Eve Olney is an academic and media practitioner who explores her subjects through experimental ethnographic technique. Her current field of interest involves cultivating alternative methodological approaches to understanding archives and archival knowledge.
The National Sculpture Factory as a living archive
This proposed arts/research project moves beyond the framework of professional archival practices and instead captures and represents the day-to-day cultural experience of a public arts organisation within an ethnographic study of the National Sculpture Factory as a ‘living’ archive. Recent scholarship focuses on the exponential popularisation of archives – but here I consider the whole institution – administrative staff; technical staff; artists; artist’s spaces; offices; tools; artifacts; architecture; exhibitions – as a nexus that holistically compiles, contains and disseminates artistic practice to a wider social audience. Through both observational and participatory ethnographic methods I focus on how all aspects and agents involved in the NSF perform in relation to their defined roles on a daily basis. I will document these social exchanges through photography, sound recording and digital video. The purpose is to determine how information/knowledge/production is being performed/shared/constructed within both casual and formal ‘enactments of social relationships’ .
Too often the role of the archive is to preserve the past: this project will result in a film documenting how the NSF, as composed of people, artefacts and exhibitions, is a living archive that evolves, interacts and generates new knowledge, practices, and cultural forms in dialogue with the general public of the present and its resources from the past. The digital archive film will illustrate exchanges between actors (people and objects) and present them as classificatory systems of meaning – the methods by which I actually acquire knowledge in the field. These alternative taxonomies will guide the viewer’s understanding of the NSF as a living archive and legitimize the film’s archival status and present an innovative practice of digital archiving that fully exploits the potential of digital media as an artistic and culturally-generative medium.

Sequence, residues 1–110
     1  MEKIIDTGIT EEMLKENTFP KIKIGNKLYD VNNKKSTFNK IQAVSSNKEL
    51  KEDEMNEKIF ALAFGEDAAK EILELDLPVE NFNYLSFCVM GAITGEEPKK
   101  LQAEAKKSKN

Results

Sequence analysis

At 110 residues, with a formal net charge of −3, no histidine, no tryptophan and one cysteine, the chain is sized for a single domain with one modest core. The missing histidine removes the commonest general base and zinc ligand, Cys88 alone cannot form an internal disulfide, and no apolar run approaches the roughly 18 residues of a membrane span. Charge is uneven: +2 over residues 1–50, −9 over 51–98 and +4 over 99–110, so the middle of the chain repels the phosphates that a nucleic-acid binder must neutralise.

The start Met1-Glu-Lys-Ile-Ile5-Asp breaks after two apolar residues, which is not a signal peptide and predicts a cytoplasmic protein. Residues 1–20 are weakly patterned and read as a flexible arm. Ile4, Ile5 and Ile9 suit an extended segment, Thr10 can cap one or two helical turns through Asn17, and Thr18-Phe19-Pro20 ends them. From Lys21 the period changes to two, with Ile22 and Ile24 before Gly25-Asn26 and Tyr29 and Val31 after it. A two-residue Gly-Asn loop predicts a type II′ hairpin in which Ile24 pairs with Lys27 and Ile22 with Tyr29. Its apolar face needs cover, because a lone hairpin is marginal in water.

This project is timely in creating an innovative testimony of the human infrastructure on which the NSF functions and conceptualises the archive as ‘a way of being’ within an archival film format that comprehensively represents institutional practice and policy, artefacts and artists as a living – ‘on-going, open-ended’ – archive and illustrates how archives are co-authored in concert with their social context and interactions.